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2014 IEEE 55th Annual Symposium on Foundations of Computer Science (FOCS) (2014)
Philadelphia, PA, USA
Oct. 18, 2014 to Oct. 21, 2014
ISSN: 0272-5428
ISBN: 978-1-4799-6517-5
pp: 611-620
Given a string σ over alphabet Σ and a grammar G defined over the same alphabet, how many minimum number of repairs (insertions, deletions and substitutions) are required to map σ into a valid member of G? The seminal work of Aho and Peterson in 1972 initiated the study of this language edit distance problem providing a dynamic programming algorithm for context free languages that runs in O(|G|2n3) time, where n is the string length and |G| is the grammar size. While later improvements reduced the running time to O(|G|n3), the cubic time complexity on the input length held a major bottleneck for applying these algorithms to their multitude of applications. In this paper, we study the language edit distance problem for a fundamental context free language, DYCK(s) representing the language of well-balanced parentheses of s different types, that has been pivotal in the development of formal language theory. We provide the very first it near-linear time} algorithm to tightly approximate the DYCK(s) language edit distance problem for any arbitrary s. DYCK(s) language edit distance significantly generalizes the well-studied string edit distance problem, and appears in most applications of language edit distance ranging from data quality in databases, generating automated error-correcting parsers in compiler optimization to structure prediction problems in biological sequences. Its nondeterministic counterpart is known as the hardest context free language. Our main result is an algorithm for edit distance computation to DYCK(s) for any positive integer s that runs in O(n1+ ε polylog(n)) time and achieves an approximation factor of O(1/εβ(n)log|OPT|), for any ε > 0. Here OPT is the optimal edit distance to DYCK(s) and β(n) is the best approximation factor known for the simpler problem of string edit distance running in analogous time. If we allow O(n1+ε+|OPT|2nε) time, then the approximation factor can be reduced to O(1/ε log|OPT|). Since the best known near-linear time algorithm for the string edit distance problem has β(n) = polylog(n), under near-linear time computation model both DYCK(s) language and string edit distance problems have polylog(n) approximation factors. This comes as a surprise since the former is a significant generalization of the latter and their exact computations via dynamic programming show a stark difference in time complexity. Rather less surprisingly, we show that the framework for efficiently approximating edit distance to DYCK(s) can be utilized for many other languages. We illustrate this by considering various memory checking languages (studied extensively under distributed verification) such as stack, queue, PQ and DEQUE which comprise of valid transcripts of stacks, queues, priority queues and double-ended queues respectively. Therefore, any language that can be recognized by these data structures, can also be repaired efficiently by our algorithm.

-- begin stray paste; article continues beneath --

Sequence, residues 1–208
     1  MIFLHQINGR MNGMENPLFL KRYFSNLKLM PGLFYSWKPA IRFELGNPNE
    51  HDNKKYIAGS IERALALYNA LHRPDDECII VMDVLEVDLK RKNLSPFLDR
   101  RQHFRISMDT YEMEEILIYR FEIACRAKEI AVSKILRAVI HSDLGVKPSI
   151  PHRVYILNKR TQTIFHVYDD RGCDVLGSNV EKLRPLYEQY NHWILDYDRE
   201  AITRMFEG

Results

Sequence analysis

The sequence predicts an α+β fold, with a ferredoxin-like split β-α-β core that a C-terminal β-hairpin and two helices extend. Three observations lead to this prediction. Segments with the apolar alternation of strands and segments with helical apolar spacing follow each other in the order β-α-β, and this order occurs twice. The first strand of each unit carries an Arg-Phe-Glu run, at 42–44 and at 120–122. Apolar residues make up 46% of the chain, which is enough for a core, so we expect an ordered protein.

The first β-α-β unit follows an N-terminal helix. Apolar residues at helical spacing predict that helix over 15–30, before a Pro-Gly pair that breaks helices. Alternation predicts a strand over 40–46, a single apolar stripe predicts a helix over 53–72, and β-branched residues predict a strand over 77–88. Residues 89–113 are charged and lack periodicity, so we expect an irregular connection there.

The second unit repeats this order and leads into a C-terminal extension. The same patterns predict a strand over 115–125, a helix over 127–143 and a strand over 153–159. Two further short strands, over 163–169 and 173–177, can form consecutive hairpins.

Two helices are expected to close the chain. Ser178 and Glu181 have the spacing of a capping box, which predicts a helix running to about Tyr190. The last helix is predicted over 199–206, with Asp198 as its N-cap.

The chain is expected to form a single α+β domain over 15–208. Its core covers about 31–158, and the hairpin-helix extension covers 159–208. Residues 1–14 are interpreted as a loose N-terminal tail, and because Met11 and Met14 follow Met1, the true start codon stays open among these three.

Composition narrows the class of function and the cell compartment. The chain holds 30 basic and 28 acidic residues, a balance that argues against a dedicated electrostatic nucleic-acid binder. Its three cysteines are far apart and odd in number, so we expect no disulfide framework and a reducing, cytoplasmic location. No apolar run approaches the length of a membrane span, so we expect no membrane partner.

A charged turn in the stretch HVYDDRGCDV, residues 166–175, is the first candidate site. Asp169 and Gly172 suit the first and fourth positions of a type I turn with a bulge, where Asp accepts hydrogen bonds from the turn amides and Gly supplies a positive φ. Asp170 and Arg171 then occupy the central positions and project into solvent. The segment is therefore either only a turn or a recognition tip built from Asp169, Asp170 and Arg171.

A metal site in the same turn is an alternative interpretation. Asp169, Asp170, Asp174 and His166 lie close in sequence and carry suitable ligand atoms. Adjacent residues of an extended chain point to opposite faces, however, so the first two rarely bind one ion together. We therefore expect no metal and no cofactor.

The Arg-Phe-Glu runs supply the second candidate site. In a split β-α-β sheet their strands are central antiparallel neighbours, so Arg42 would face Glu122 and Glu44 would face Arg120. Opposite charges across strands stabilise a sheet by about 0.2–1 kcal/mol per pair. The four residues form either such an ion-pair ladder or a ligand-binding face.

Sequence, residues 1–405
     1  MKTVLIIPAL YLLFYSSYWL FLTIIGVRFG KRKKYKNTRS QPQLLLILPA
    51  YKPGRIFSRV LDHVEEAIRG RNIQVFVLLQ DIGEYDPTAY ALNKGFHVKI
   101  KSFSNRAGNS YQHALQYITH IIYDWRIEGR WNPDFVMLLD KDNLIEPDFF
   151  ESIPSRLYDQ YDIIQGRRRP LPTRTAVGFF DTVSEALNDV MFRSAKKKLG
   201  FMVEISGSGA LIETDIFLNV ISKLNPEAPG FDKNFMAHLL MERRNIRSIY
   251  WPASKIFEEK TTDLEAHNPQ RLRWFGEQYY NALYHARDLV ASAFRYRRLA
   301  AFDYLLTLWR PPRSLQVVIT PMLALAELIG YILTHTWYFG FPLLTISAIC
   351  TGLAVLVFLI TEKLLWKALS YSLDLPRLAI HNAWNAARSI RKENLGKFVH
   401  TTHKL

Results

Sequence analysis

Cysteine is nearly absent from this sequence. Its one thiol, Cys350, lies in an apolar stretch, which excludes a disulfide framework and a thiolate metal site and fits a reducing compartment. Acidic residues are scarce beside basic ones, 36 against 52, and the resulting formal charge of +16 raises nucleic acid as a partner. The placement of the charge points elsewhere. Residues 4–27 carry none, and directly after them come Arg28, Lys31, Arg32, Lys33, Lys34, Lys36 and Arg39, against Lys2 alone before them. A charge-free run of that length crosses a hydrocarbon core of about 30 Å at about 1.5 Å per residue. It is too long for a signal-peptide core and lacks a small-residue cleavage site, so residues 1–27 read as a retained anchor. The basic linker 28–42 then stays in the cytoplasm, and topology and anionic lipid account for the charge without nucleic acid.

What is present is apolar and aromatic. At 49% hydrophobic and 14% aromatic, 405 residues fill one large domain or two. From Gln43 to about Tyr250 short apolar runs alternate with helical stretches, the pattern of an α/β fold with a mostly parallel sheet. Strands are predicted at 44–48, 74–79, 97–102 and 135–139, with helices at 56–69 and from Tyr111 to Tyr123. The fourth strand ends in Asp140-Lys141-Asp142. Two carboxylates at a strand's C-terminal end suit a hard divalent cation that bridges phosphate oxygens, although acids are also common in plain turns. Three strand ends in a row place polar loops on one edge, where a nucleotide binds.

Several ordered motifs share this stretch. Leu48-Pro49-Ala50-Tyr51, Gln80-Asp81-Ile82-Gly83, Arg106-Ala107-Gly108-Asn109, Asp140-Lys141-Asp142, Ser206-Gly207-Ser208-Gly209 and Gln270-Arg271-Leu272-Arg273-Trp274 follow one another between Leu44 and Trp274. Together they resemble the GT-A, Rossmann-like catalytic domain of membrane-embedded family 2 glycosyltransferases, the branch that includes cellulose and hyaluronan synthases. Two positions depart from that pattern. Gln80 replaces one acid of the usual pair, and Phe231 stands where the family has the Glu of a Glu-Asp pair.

Approximation algorithms, Approximation methods, Algorithm design and analysis, Heuristic algorithms, Grammar, Dynamic programming, Context

B. Saha, "The Dyck Language Edit Distance Problem in Near-Linear Time," 2014 IEEE 55th Annual Symposium on Foundations of Computer Science (FOCS), Philadelphia, PA, USA, 2014, pp. 611-620.
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